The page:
For Sebastien Hug, the Indian connection came in the form of love. His wife Sulini Sarugaser’s mother was originally from Karnataka. He would delightedly go on to recall their wedding in Swaziland, Southern Africa (where she grew up), for which they had a multicultural-Indian-inspired theme. But it was not until he was appointed as Consul General of Switzerland and CEO of Swissnex India that he first came to India, Bengaluru, in September 2017 and what awaited was a colourful adventure in itself. He shares some of the moments that stood out over the past couple of years in India.

What was your impression of India before you came here, and how is it now?
Although I was somewhat familiar with South African–Indian culture through my in-laws, I had very little knowledge of India. But I was always curious to experience first-hand a country which has gone through such a massive transformation at such a large scale. In this regard, my expectations are fully met, if not exceeded. I’m fascinated to experience every day how India is transforming itself, yet remains rooted in tradition and history. I’ve come to appreciate the complexities and, sometimes, the contradictions one faces almost on a daily basis. This is incredibly enriching for me, as well as for my family.

How does Indian cuisine/food compare to local favourites back home?
I must admit that I do miss my Swiss cheese and bread! But Indian cuisine has such a large variety of dishes that one never gets tired of discovering new and surprising flavours. Definitely one of my objectives is to develop a better understanding of the specific local traditions and specialities. So far I’ve discovered mostly South Indian cuisine, I hope to learn more about North Indian dishes as well. Since we moved to India, my tolerance to spice has increased substantially.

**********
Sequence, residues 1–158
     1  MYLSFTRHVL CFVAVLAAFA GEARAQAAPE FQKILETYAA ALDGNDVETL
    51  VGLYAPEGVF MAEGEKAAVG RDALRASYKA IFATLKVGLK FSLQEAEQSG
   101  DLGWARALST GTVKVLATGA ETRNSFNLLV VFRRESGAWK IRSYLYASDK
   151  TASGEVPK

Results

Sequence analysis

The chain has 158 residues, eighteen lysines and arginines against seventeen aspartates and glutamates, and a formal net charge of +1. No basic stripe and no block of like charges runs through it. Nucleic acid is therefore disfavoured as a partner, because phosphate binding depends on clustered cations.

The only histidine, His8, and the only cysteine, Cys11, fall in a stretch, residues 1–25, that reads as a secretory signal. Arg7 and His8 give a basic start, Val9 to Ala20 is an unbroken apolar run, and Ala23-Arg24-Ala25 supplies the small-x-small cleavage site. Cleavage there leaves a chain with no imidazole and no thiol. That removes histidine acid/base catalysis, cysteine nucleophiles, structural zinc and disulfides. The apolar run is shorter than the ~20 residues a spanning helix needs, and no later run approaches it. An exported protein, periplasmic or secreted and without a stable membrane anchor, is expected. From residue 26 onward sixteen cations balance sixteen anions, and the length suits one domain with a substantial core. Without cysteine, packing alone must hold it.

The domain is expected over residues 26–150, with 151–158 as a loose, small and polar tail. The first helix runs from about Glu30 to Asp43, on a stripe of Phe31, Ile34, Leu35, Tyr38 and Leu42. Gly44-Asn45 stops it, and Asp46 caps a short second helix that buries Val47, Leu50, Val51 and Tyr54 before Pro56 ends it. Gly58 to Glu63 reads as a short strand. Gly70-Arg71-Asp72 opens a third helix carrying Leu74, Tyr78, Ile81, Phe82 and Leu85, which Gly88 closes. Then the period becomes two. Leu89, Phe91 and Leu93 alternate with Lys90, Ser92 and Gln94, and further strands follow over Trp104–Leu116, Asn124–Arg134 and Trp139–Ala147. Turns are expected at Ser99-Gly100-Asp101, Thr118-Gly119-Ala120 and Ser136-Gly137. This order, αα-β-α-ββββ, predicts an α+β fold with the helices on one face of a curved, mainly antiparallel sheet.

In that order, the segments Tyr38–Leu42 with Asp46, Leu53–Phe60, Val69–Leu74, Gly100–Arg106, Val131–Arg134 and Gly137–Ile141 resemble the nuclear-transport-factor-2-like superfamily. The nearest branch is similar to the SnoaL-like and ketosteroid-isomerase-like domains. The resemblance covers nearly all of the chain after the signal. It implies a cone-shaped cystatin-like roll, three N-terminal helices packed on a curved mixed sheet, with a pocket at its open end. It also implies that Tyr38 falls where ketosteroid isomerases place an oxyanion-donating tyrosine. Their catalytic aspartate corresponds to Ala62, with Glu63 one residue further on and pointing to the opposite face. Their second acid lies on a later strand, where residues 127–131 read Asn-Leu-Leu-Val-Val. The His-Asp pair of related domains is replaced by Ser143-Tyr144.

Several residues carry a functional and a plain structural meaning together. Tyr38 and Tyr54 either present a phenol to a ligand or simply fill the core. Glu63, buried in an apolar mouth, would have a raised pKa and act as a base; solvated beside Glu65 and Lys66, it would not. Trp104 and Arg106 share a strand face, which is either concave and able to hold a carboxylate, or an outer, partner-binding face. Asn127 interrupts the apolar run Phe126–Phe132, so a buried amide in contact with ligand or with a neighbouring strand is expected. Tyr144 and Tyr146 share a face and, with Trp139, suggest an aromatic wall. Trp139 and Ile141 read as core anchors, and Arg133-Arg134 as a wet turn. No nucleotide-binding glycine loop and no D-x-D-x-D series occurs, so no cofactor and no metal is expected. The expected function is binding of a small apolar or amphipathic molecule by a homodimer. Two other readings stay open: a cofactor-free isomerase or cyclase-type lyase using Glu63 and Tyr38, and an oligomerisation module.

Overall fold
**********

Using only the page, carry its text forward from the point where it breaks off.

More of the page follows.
Have you taken part in any Indian festivals?
Yes, we’ve attended festivals such as Ganesha Chaturthi, Holi and Diwali. Particularly memorable was when we took part in an organised tour, which showed us the festivities of Ganesha, where they lower idols en masse into the tanks. It was very fascinating.

What are some sources of entertainment in India?
We like to travel a lot, but so far have mostly visited places in South India, such as Coorg – the Western Ghats, Goa, Puducherry, Chennai, Hyderabad, Hampi and other places close to Bengaluru. Personally, I like to go for a walk or run on a Sunday morning at a nearby lake, Sankey Tank. Also, social life in the city is lively, and so we’re out a lot!

Have you travelled to different parts of India? What was the experience like?
Apart from travelling with my family all across South India, I’ve also travelled on business to places like Mumbai, New Delhi, Pune, Jodhpur, Lucknow and Trivandrum. It’s always a new adventure to discover the DNA of a certain location and its people. Unfortunately, when I travel on business, there is rarely enough time to dive into the local culture.

If you wanted one thing to change in India, what would that be?
I think there is already a lot of change going on, which is inspiring to see. However, when talking to local businesses, bureaucratic hurdles and corrupt practices are hindering even more economic growth and social equality. So, those areas could certainly be further improved.

If there was one thing you would take back to your home from India, what would that be?
The wonderfully blooming Frangipani trees!

Quick 5
Best Indian friend: My Yoga-teacher, who is incredibly patient with me!
Favourite Indian food: Prawn curry with appam
Favourite hang-out spot in India: Palolem Beach in Goa
Intolerable India: Honking non-stop, when there is absolutely no reason to honk
Loveable India: The warmth of the people

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